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Journey to the semi-finals: How the final four progressed this season

Charlie Bennett

18 May 2017

Eight months after the Guinness PRO12 began on a warm autumn evening, we have finally reached the defining point of the season – as the semi-finals swing into view.

This is where it really matters, one mistake and it could be all over. It is now or never for four teams if they are to reach the Dublin showpiece next week.

And what a cracking pair of matches we have on offer, as Ireland battles Wales in both clashes – with Leinster hosting Scarlets and Munster welcoming Ospreys.

Here we take a look at each side’s progress this season.


With 18 wins from 22 games, Leinster arrive at the last-four full of confidence after a stellar campaign which sees them once again among the contenders to lift the trophy.

The Irish side have moved serenely through to the last four, and their European campaign – which saw them reach the semi-finals of the Champions Cup – shows how much they have improved.

The season started impressively for Leinster, but it was October’s 25-14 win against rivals Munster which really provided a wave of momentum.

And they got revenge for December’s defeat to Scarlets with a crushing 45-9 win in March, which they will hope to repeat this weekend.

New scrum-half Jamison Gibson-Park has enjoyed an impressive campaign, sniping around the fringes of the breakdown and spotting space quicker than most, while the emergence for club and county of powerful prop Tadhg Furlong provided one of the stories of the season.

But while the future looks bright, Mike McCarthy is now sadly a figure from the past after being forced into retirement through injury.


After narrowly finishing fifth a year ago, Scarlets broke back into the top four with a fine campaign – which saw them win 17 of their 22 games.

The Welsh side may have scored fewer points than any other of their semi-final rivals, and 137 less than opponents Leinster, but they enter Saturday’s contest brimming with confidence.

Their backline is full of pace and creativity, marshalled by the impressive Wales international and British & Irish Lion Jonathan Davies.

But it is winger Steff Evans who has really caught the eye, finishing the season as the league’s top try scorer in a thrilling breakthrough campaign.

Head coach Wayne Pivac deserves a lot of credit for his role this season. It is easy to forget that they lost their first three games, to Munster, Edinburgh Rugby and Ulster – meaning they have won 17 of their last 19.

One of those was against Leinster, while other notable results include a tense 26-14 triumph at Glasgow Warriors and a 40-17 win against Ospreys heading into this semi-final.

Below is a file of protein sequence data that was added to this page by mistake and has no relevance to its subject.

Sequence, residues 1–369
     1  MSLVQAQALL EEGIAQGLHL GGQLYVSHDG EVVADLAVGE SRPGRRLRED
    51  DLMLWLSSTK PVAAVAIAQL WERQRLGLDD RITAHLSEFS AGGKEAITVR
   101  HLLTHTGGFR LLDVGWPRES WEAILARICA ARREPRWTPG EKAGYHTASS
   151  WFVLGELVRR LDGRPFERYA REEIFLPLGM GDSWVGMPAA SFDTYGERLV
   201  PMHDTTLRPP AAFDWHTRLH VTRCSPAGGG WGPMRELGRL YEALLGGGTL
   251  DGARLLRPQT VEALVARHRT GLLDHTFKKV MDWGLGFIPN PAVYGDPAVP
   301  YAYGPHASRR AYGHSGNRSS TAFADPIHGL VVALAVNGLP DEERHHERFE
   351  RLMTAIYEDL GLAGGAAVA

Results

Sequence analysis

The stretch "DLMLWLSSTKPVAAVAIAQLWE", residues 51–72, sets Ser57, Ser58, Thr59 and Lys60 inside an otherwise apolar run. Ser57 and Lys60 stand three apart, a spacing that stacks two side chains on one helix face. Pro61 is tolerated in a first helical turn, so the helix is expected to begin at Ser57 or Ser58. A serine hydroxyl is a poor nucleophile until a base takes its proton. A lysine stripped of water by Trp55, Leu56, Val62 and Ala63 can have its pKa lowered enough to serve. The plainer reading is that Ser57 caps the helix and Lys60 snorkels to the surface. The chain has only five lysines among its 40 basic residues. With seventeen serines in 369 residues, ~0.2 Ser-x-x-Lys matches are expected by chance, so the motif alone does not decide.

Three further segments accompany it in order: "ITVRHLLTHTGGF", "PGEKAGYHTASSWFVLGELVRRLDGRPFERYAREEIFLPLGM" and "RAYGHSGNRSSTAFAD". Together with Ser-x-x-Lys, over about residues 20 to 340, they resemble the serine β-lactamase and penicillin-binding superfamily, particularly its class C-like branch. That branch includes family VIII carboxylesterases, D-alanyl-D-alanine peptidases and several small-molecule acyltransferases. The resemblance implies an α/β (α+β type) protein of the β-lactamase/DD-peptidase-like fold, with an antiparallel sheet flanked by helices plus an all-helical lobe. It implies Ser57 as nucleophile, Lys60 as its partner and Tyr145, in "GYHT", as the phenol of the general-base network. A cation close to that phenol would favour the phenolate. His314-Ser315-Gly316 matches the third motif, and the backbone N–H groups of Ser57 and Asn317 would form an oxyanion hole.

It has been an emotional campaign for Munster, but they showed great mental resilience to finish top of the Guinness PRO12.

The death of head coach Anthony Foley in October was devastating for the team, but they stuck together and compiled an immense campaign.

Now they host Ospreys knowing they are just one win away from a return to the final, and a chance to win the Guinness PRO12 for the first time in six years.

And they have plenty of weapons in their side, including Ireland scrum-half Conor Murray, powerful loose forward CJ Stander and dangerous winger Keith Earls.

Munster’s record at home is immense, with only Cardiff Blues travelling across the Irish Sea and leaving with the win.

But Munster have always responded to defeats impressively, with long winning runs following each of their four league defeats this season.

Against Ospreys, they will take confidence from a handsome 33-0 victory in November, while they also edged to a 25-23 win in Wales in February.


Ospreys last lifted the trophy in 2012 and have not been back to the final since, but they will have plenty of belief following a positive campaign.

With the likes of Alun Wyn Jones, Dan Biggar, Rhys Webb and Justin Tipuric offering offensive muscle, the Welsh side have plenty of pedigree – and although their record may not have been as impressive as their fellow semi-finalists, they will not be fazed by a trip to Thomond Park.

A stumble in April came at the wrong time, with defeats to Benetton Treviso, Leinster, Cardiff Blues and Scarlets particularly damaging.

But in the first half of the campaign, they were excellent – topping the table after three bonus-point wins in September, before putting Glasgow Warriors and Scarlets to the sword prior to Christmas.

However, form goes out of the window when we reach semi-final time and Ospreys have fond memories of winning at Munster in 2016.

But it is Ospreys’ youngsters who could hold the key to this tie, with the likes of Sam Underhill and talented Keelan Giles ready to explode on the big occasion.

The Guinness PRO12 Final takes place on May 27 at Aviva Stadium, Dublin. 

Fans can guarantee their place by booking their tickets via www.ticketmaster.ie

Further information: www.pro12rugby.com/final